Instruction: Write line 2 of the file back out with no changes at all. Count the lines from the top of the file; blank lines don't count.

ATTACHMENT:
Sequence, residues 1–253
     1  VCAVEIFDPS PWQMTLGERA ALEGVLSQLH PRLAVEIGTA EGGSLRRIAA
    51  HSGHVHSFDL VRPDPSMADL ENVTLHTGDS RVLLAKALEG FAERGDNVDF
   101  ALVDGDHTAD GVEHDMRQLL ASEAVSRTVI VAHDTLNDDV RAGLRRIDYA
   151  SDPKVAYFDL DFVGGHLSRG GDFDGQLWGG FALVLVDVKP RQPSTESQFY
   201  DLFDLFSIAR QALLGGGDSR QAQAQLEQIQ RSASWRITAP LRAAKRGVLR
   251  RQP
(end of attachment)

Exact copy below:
     1  VCAVEIFDPS PWQMTLGERA ALEGVLSQLH PRLAVEIGTA EGGSLRRIAA